Today, the Lok Sabha was adjourned yet again. The question we must ask is “Do sincere MPs have enough tools in their hands to ensure the Lok Sabha remains in session?”
The combination of James Stewart and Frank Capra was a winning combination in Hollywood. While their combination gave us “Its a wonderful life” – one of the best movies ever made, it also gave us an excellent take on Senate in the US – “Mr. Smith goes to Washington“. Both of them being Republicans, they were clear in their thought process about what freedom of speech means and how a government should be. In Mr. Smith goes to Washington, Mr. Smith, played by James Stewart, uses the tool called Filibuster to make sure that not just the Senate but the whole nation listens to his concerns on a legislation. The US Senate provides its senators with a valuable tool called Filibuster to ensure that voices of those sincere are not muffled by those corrupt. The Filibuster is a form of obstruction in a legislature. According to the US State Senate rules
during a Filibuster, a member of the legislative can speak as long as they wish and on any topic they choose, unless “three-fifths of the Senators duly chosen and sworn” (usually 60 out of 100 senators) brings debate to a close by invoking cloture under Senate Rule XXII.
However, during the filibuster, the senator speaking is not expected to take any break, must speak continuous and should not yield the floor to the senate even if he is asked to do so. During this time, all the senators are expected to be present in the house to listen to the speech. There are occasions when senators held the floor for 2 days straight.
An aspect of a filibuster is the time it gives for house to re-think about a given legislation. However, the most important aspect, according to me, is that it brings the whole nation to a halt and brings the attention of the people to the issue that the speaker is raising. Of course, filibuster could be mis-used. Various countries adopted filibuster due to the superb advantages it brings though there are many disadvantages as well.
Parliament and continuous disruption of proceedings
In Lok Sabha and Rajya Sabha too we see regularly that the house gets adjourned and disruptions are more than a norm. Most of the time, the reason is that “the opposition marches to the well of the house”. The question that has to be asked is “Why does a member or a group of members of the floor march to the well of the house?” Rather the question generally asked is whether or not it is a well mannered behavior. It is unfortunate. One must note that marching to the well of house, relenteless shouting have not always been the manner in which house proceeding were disrupted. Most often members used to stage walk out hoping that people notice their disappointment with ruling party in answering their questions through media.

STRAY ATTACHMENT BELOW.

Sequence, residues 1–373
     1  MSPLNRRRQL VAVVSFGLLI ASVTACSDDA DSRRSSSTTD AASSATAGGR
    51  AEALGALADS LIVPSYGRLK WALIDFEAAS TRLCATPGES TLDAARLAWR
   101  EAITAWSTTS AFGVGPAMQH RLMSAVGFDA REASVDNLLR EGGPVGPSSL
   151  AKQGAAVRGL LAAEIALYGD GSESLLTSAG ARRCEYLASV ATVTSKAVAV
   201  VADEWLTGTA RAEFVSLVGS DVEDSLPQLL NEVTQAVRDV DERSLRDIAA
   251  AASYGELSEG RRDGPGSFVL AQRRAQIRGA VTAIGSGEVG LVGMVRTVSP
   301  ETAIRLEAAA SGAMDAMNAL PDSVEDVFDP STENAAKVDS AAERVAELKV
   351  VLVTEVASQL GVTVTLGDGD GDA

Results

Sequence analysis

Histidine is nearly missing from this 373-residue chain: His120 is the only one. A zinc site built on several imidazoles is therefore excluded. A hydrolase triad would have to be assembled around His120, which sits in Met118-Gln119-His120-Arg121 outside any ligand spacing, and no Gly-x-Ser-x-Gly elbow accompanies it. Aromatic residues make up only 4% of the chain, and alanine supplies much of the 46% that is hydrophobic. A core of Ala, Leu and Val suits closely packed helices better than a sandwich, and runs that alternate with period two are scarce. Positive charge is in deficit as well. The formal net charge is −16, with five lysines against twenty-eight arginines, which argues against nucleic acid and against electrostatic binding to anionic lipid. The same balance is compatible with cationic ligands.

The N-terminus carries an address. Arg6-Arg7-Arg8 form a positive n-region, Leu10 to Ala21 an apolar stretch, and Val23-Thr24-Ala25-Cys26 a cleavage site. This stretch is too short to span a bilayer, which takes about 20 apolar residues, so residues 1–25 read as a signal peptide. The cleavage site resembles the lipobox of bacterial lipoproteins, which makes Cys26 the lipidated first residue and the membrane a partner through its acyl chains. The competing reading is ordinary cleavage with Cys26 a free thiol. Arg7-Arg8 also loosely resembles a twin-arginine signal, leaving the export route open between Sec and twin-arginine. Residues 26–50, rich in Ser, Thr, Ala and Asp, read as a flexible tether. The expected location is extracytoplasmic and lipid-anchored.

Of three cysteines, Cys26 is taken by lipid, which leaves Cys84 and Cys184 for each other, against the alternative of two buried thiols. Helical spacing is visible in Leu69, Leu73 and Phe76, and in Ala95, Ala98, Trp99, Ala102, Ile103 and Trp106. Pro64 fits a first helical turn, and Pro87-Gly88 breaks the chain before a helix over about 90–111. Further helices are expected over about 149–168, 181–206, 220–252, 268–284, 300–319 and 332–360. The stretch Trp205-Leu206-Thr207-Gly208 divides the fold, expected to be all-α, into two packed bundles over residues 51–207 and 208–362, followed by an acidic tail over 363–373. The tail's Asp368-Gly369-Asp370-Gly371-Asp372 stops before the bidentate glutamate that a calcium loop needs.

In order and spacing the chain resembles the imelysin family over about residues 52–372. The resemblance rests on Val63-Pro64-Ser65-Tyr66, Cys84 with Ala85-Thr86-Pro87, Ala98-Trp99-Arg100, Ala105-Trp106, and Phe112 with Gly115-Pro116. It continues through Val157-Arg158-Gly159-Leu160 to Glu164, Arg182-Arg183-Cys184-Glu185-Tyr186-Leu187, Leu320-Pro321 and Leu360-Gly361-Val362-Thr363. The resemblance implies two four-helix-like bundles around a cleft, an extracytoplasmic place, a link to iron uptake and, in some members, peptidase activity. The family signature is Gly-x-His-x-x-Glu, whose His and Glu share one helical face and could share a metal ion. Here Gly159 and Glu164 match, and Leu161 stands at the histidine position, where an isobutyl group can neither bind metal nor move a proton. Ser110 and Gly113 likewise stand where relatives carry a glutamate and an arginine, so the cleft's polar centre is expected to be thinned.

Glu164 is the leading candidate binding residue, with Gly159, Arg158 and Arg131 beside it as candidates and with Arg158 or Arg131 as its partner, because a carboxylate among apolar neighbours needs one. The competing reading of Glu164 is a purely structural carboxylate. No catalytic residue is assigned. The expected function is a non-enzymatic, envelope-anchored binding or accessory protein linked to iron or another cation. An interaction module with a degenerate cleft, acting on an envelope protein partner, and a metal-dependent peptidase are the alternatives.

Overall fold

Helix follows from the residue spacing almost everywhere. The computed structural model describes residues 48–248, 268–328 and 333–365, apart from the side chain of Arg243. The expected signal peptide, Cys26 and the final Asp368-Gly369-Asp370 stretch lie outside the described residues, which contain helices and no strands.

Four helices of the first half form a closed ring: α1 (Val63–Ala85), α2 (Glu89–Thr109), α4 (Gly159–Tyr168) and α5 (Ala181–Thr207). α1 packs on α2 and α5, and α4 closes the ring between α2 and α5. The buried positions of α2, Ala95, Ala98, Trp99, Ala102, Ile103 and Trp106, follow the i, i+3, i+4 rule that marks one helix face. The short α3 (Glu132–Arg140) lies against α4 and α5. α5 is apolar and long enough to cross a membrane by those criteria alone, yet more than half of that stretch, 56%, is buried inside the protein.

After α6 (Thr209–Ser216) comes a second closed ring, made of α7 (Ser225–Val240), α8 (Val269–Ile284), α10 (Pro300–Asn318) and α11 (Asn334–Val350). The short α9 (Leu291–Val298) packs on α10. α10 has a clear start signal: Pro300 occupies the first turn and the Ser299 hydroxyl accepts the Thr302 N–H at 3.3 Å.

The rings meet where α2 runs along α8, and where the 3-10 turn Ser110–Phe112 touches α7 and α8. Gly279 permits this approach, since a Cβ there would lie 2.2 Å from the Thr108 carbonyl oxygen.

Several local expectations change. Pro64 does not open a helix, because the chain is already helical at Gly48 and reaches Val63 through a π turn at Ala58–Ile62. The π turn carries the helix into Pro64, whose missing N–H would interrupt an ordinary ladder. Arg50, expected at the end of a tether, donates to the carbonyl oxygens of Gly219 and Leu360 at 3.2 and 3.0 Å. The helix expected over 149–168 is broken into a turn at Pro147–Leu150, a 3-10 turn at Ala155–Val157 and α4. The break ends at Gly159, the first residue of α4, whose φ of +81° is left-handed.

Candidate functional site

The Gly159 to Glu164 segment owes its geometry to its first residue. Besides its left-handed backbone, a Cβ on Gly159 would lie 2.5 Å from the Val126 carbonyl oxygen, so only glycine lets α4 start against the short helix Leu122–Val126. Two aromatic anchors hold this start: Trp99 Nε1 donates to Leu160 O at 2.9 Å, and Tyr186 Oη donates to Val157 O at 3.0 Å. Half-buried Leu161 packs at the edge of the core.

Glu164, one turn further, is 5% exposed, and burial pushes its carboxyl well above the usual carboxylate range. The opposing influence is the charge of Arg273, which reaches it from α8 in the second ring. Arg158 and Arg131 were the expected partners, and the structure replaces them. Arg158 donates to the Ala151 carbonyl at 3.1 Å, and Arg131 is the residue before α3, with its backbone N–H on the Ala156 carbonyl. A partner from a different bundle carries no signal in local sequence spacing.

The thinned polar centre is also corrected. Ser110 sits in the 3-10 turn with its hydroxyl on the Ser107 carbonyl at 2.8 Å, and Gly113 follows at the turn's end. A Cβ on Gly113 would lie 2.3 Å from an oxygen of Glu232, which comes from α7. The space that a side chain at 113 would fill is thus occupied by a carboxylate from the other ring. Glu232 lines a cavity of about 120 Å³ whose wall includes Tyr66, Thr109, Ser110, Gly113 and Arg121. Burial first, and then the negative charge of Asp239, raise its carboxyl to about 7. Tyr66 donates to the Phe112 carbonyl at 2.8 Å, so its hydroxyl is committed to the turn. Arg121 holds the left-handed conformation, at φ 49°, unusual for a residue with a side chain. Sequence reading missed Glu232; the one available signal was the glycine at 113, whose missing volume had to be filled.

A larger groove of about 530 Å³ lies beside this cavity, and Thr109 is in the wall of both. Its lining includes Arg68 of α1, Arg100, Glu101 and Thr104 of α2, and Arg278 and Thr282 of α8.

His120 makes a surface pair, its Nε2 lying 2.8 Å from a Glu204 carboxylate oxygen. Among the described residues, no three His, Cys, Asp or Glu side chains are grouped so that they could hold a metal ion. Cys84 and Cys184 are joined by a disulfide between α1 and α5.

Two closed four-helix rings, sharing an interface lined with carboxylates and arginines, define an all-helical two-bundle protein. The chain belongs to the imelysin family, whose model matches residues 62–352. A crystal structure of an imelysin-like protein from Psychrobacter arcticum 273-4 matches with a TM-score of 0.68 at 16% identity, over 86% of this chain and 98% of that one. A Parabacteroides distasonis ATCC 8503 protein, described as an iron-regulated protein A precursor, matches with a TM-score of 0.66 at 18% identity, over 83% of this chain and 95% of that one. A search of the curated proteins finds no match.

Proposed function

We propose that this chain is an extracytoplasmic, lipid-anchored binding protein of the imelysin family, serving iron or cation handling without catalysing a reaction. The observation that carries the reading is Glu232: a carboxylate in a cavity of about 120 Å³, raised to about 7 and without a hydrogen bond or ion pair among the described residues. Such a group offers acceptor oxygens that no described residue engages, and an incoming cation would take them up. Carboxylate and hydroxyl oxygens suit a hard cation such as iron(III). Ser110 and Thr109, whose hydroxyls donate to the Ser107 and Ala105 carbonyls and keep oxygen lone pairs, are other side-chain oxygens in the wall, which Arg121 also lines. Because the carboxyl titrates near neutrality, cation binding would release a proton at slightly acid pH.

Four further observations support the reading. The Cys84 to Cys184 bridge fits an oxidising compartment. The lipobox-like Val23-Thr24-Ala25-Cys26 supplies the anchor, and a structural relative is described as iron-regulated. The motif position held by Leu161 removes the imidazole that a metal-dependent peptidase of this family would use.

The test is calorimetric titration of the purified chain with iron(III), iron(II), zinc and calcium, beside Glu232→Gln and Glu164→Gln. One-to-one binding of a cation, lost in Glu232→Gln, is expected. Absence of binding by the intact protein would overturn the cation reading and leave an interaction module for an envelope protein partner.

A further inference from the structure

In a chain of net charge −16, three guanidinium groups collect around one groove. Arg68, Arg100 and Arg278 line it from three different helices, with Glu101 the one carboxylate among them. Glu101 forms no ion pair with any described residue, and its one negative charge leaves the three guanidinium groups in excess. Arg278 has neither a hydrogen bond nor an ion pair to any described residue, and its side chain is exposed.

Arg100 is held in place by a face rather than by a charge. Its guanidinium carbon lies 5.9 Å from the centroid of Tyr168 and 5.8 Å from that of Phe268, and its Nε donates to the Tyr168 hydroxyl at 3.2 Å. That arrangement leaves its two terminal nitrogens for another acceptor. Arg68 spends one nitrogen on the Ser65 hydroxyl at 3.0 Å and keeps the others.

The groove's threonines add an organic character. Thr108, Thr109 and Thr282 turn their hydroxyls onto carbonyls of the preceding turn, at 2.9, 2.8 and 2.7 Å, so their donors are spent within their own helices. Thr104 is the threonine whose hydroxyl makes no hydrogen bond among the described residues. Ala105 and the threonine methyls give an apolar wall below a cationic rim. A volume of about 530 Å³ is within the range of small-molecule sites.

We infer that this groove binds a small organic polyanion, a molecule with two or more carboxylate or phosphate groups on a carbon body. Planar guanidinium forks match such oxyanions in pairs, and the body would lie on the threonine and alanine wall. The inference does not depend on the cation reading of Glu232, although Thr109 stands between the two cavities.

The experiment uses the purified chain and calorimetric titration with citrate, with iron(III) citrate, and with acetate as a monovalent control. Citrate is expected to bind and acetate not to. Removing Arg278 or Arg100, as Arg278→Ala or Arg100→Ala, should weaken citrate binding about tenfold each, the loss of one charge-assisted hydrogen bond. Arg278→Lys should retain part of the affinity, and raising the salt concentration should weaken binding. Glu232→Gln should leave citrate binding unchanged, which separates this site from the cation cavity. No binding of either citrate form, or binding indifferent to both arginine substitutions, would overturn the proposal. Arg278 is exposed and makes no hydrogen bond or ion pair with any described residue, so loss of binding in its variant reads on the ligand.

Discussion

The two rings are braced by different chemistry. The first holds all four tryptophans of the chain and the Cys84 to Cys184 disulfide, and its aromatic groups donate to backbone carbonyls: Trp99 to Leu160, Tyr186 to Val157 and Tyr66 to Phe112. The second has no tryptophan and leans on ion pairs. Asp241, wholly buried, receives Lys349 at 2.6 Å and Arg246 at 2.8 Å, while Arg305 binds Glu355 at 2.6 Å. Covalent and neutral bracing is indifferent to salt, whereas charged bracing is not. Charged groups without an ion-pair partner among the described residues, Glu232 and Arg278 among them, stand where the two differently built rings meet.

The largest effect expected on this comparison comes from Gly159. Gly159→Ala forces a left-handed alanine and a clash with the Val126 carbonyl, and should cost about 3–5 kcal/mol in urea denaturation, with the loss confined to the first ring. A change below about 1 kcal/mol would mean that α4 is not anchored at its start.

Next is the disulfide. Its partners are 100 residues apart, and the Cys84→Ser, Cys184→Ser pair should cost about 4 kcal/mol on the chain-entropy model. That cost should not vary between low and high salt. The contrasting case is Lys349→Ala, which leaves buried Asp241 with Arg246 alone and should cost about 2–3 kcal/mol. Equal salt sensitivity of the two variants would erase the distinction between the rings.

However, apathy in citizenry in general and middle class in particular led them nowhere and thus started the story of house disruption. Unfortunately, some media persons who have not been vocal about house disruptions a decade ago, have been strong opponents of house disruption in recent times. While these eminent media persons ask “how can the opposition party continuously disrupt house and never allow any debate on issues to happen, the question that opposition parties ask is “how can the ruling party ignore our concerns?”. The problem is there are not enough tools like filibuster in the hands of our MPs.
There is a definite need to equip our MPs with such tools. With availability of such tools, it would at least ensure that the sincere voices are not left unheard.
What tools could be adopted?
Given that there is very little discussion on issues like this in Parliament or in Media, one of the suggestions that a group of Parliamentarians including me have made to the Speaker and Vice President – is to have Special sessions of Parliaments of 3-5 days, which will only discuss National Priority issues – with no disruptions’, No partisanship. Such a session will also serve to get the attention of ‘heavily distracted media’ to focus the nation on the REAL challenges facing us.
Mr. Rajiv’s idea is another very well thought out one. Such pro-active ideas must be adopted instead of leaving it to the judgement of MPs to hold decorum the house. It is also dangerous to adopt anything like a code of conduct avoiding protest, formal or informal, in Parliament. It would mean all the power vests within the hands of ruling party rendering opposition parties mere spectators waiting for their turn. Instead, ideas like Mr. Rajiv’s would help.
If parliamentarians do not respond to this requirement with some innovation, disruption will become norm, whoever the opposition may be. Can India afford a parliament which is disrupted regularly because the govt will not answer Oppn’s questions with seriousness? Of course no. So should members of oppostion party sit quiet? Again, no. So what should be done? Reform the parliamentary proceedings! Is it so difficult to do?